From block 620, the method 500 may move to decision 622 and the navigation system may determine whether a current time is within a predetermined time, t, of the end of the update window, i.e., whether the update window is about to expire. If the current time is not within the predetermined time, t, of the end of the update window, the method 500 may return to decision 614 and the method 500 may continue as described herein.

Returning to decision 622, if the current time is within the predetermined time, t, of the end of the update window, the method 500 may move to block 624. At block 624, the navigation system may lower the volume of the navigation system. Then, the method 500 may move to block 616 and the navigation system may provide, or otherwise broadcast, the direction update. The navigation system may broadcast the direction update via one or more speakers. Alternatively, the navigation system may display the direction update via a display while broadcasting the direction update via one or more speakers. In a particular aspect, the direction update may be the direction update having the increased brevity. Thereafter, the method 500 may continue as described herein. By lowering the volume of the navigation system, the navigation system may provide the direction update while decreasing the possibility of interrupting the conversation.

In another aspect, the navigation system may flash a light as an indication to the user that a direction update is pending. Thereafter, in response to the flashing light, the user may intentionally create a lull in the conversation in order to allow the direction update to be broadcast, or otherwise provided to the user.

Referring to FIG. 7 through FIG. 9, a second aspect of a method of providing GPS direction updates is shown and is generally designated 700. Commencing at block 702, when a navigation system is powered on the following steps may be performed. In one aspect, the navigation system may be a GPS enabled portable computing device. In another aspect, the navigation system may be a portable GPS device. Still, in another aspect, the navigation system may be a built-in GPS device, i.e., an in-dash GPS device.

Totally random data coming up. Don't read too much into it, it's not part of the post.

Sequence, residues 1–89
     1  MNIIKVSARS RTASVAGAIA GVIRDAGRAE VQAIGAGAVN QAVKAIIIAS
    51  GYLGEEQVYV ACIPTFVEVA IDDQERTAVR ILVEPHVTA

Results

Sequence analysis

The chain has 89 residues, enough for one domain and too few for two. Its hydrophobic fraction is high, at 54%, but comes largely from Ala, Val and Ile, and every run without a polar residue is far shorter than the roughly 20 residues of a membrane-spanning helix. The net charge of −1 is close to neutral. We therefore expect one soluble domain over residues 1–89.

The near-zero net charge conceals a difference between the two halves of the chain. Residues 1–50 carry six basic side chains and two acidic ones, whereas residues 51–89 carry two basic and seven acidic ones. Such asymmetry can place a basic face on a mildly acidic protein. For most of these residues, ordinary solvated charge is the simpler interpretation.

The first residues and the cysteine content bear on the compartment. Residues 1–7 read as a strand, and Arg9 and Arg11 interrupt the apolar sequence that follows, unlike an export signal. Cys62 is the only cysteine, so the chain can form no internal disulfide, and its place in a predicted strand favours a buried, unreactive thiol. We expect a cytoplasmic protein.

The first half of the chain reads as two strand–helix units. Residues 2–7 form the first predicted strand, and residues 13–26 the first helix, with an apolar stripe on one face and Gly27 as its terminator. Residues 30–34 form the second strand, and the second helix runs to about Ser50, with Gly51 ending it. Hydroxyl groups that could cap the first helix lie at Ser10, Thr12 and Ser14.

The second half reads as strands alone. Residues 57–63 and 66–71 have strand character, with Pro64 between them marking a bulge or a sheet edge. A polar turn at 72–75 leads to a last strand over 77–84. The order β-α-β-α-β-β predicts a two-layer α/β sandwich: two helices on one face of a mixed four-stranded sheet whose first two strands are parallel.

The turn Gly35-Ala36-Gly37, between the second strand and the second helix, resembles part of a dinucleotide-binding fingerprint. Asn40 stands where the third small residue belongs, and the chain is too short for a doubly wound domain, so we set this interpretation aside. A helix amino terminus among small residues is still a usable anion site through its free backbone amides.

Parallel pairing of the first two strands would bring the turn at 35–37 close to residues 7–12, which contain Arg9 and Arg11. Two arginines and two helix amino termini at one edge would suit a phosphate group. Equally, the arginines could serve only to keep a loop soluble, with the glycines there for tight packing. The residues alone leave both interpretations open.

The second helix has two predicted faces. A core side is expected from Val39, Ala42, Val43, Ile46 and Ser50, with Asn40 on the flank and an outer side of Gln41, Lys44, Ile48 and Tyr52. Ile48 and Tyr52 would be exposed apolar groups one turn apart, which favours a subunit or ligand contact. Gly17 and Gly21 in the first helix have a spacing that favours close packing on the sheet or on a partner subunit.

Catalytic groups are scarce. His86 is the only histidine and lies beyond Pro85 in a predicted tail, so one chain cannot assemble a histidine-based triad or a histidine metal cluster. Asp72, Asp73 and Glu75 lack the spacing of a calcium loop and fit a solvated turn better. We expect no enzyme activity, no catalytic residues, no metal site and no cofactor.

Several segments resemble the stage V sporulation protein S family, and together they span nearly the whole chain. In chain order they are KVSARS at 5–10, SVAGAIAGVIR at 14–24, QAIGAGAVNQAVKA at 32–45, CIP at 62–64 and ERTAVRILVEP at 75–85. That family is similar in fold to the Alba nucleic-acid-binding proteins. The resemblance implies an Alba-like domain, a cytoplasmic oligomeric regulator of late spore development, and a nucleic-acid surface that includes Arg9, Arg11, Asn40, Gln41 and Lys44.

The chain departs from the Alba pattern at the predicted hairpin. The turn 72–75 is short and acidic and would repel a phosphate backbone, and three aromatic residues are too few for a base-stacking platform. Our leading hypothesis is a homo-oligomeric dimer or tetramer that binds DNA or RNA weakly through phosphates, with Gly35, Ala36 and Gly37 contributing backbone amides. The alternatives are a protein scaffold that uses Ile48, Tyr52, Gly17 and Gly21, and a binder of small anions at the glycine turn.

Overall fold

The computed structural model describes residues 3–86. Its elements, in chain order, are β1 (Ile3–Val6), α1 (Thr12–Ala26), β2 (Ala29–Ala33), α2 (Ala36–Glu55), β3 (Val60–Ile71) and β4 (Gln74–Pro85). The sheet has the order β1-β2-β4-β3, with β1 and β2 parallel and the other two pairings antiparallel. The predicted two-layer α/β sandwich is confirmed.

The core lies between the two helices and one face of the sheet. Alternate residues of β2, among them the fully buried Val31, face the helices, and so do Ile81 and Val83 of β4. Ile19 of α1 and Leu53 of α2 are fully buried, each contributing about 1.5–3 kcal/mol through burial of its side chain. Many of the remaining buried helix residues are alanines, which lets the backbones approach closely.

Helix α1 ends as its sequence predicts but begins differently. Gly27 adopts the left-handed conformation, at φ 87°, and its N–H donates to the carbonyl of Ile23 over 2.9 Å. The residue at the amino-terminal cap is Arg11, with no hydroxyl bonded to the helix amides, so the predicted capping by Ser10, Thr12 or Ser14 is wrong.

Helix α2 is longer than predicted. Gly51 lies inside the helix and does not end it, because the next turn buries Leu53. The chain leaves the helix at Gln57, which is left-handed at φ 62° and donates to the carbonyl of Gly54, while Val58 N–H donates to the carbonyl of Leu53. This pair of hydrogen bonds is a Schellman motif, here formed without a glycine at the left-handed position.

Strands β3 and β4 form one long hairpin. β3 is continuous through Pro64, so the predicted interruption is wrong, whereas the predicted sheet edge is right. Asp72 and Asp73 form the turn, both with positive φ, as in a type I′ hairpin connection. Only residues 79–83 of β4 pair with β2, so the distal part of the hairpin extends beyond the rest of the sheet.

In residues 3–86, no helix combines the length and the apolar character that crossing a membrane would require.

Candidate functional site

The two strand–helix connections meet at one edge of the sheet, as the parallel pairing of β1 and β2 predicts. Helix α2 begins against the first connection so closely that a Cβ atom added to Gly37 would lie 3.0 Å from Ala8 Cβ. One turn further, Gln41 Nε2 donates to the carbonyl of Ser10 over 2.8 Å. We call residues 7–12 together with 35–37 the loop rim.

Moving to decision 704, the navigation system may determine whether a destination is input. If not, the method 700 may end. Otherwise, at decision 704, if a destination is input, the method 700 may proceed to block 706. At block 706, the navigation system may receive a destination. Further, at block 708, the navigation system may search a database for the destination in order to determine directions for the destination.

At decision 710, the navigation system may determine whether the destination is located in the database and in turn, whether the navigation system is able to determine directions to the destination at least partially based on one or more maps stored in the navigation system or accessible to the navigation system. At decision 710, if the destination is not located within the database, the method 700 may move to block 712 and the navigation system may indicate that the destination is unavailable. Thereafter, the method 700 may end.

Returning to decision 710, if the destination is located in the database by the navigation system, the method 700 may proceed to block 714 and the navigation system may determine a route to the destination with turn-by-turn directions. Each turn may be considered a direction update. At decision 716, the navigation system may determine whether the user selects start or cancel. The user may select start or cancel by touching a soft button, pressing a hard button, or a combination thereof. If the user selects cancel, the method 700 may end.

Otherwise, at decision 716, if the user selects start, the method 700 may proceed to block 718 and the navigation system may schedule a next direction update window. The direction update window may be a time frame around which a particular direction update should be provided, or otherwise broadcast, to the user. The timing for the direction update may be based on a distance from a particular turn, the speed at which a user is traveling, or a combination thereof. The direction update window may be a predetermined amount of time before and after the scheduled direction update, e.g., twenty seconds (20 sec) before and ten seconds (10 sec) after. Alternatively, the direction update window may be a predetermined amount of time before the scheduled direction update, e.g., thirty seconds (30 sec), and the direction update window may expire at the scheduled direction update. From block 718, the method 700 may continue to 802 of FIG. 8.

At block 802, the navigation system may monitor the time. Then, at decision 804, the navigation system may determine if an update window has been entered. If the update window is not entered, the method 700 may return to block 802 and the method 700 may continue as described herein. If the update window is entered, the method 700 may proceed to block 806 and the navigation system may activate a microphone associated with the navigation system. At block 808, the navigation system may sample the conversation, if any.

Moving to decision 810, the navigation system may determine whether a conversation is detected. In a particular aspect, human speech may be identified based on specific frequency domain characteristics associated with the human speech. The navigation system may “listen” for these specific frequency domain characteristics and if one or more of these specific frequency domain characteristics are identified, the navigation system may determine that a conversation is detected.

At decision 810, if a conversation is detected, the method 700 may proceed to block 902 of FIG. 9. On the other hand, if a conversation is not detected, the method 700 may proceed to block 906 of FIG. 9.